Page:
Meta’s ‘Chief AI Scientist’, winner of the prestigious Turing Award for his pioneering work on deep learning, wanted to dot the ‘i’s about ChatGPT and its designer OpenAI.
” There’s nothing revolutionary about it, even though that’s how it’s perceived by the public “. During an online conference which ZDnet was able to attend, Yann LeCun wanted to temper the ardor that has been stirring the Web since the launch of ChatGPT at the end of November.
His word is interesting, because Yann LeCun is far from just anyone. The work of the French researcher, now chief scientist for AI at Meta, is indeed at the origins of the technique of deep learningor deep learning, which revolutionized artificial intelligence from the end of the 2000s. Research which even earned him the prestigious Turing prize, the “Nobel of computing”.
Read also: Five tips to get better answers with ChatGPT
“Well put together, but not particularly innovative”
ChatGPT is also based on the deep learning to work. But does not represent, according to LeCun, a major technical advance. ” When it comes to the underlying techniques, ChatGPT isn’t particularly innovative “he notably recalled during the conference, while admitting that ChatGPT “ is well put together, well done “.
As LeCun also points out, OpenAI is indeed far from being the only one working on AIs of this kind, nor necessarily ahead of other research laboratories. Meta, his employer, has also designed a “great language model”, which responds to the sweet name of OPT-175B. Comparable in size to GPT-3, the model behind ChatGPT, it was delivered free of charge to the scientific community. Google is also working on similar technologies, and already demonstrated its LaMDA bot publicly almost two years ago.
“And it’s not just Google and Meta: half a dozen start-ups have fundamentally very similar technology said LeCun, according to ZDnet. Before recalling that the technology behind the GPT-3 model comes both from work on self-supervised learning, a technology that LeCun “has been advocating for a long time, before OpenAI even existed “… But also “transformers”, technique of deep learning introduced by Google researchers in 2017. Not to mention the use of a feedback (RLHF) inaugurated by DeepMind – now owned by Google – in 2017.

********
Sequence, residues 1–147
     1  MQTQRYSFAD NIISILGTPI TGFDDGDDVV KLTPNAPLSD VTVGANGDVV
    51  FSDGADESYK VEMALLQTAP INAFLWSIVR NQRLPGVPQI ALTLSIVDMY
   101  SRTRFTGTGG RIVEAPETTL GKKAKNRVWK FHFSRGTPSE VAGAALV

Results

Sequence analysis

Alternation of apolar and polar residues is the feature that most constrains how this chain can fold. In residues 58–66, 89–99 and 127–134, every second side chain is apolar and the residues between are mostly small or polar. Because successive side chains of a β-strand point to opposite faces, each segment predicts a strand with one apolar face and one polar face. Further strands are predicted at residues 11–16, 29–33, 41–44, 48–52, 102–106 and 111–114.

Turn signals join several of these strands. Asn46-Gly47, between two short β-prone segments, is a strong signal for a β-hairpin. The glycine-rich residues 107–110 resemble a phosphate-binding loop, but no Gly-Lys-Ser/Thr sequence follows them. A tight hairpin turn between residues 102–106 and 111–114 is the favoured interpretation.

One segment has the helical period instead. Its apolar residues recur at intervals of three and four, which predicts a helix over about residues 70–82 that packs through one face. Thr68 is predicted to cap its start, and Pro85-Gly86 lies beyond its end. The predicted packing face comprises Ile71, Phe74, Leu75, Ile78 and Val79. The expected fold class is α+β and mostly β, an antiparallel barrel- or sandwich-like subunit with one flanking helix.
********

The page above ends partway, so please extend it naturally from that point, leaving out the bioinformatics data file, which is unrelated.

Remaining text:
“ChatGPT and other great language models didn’t come out of nowhere, they’re the result of decades of input from various people” summarizes LeCun on Twitter.
The title is blunt, but the article conveys what I said on the @collectivei Q&A about progress in AI.
ChatGPT & other LLMs didn’t come out of a vacuum & are the results of decades of contributions from various people.
No AI lab is significantly ahead of the others. https://t.co/WtLMrQVnVm
—Yann LeCun (@ylecun) January 23, 2023
But what are Google and Meta doing?
However, one question remains: if this technology is ready, especially at companies like Google or Meta, why are they leaving it in the closet? According to LeCun, the answer is quite simple: OpenAI is a nascent company whose economic equation is very different from that of more established groups. Asked about this by a user, he responds on Twitter : “ Large companies could have made a public demonstration, but did not, because they have less to gain than a small company looking for investors, and much more to lose (due to bad press). »
And it’s true that when it comes to bad press, Meta does indeed know a lot. Mark Zuckerberg’s company has however launched an experiment with BlenderBot, but this robot is only available in the United States and was criticized when it was launched for taking up conspiracy theories. As for Google, it is visibly afraid of unleashing a monster that would harm its reputation… And its wallet.
This should soon change: LeCun does not hesitate to say that Meta will multiply generative AI services in the future. And at Google, it’s the commotion to quickly counter OpenAI initiatives. ChatGPT may not be revolutionary, but it shook things up in a matter of weeks.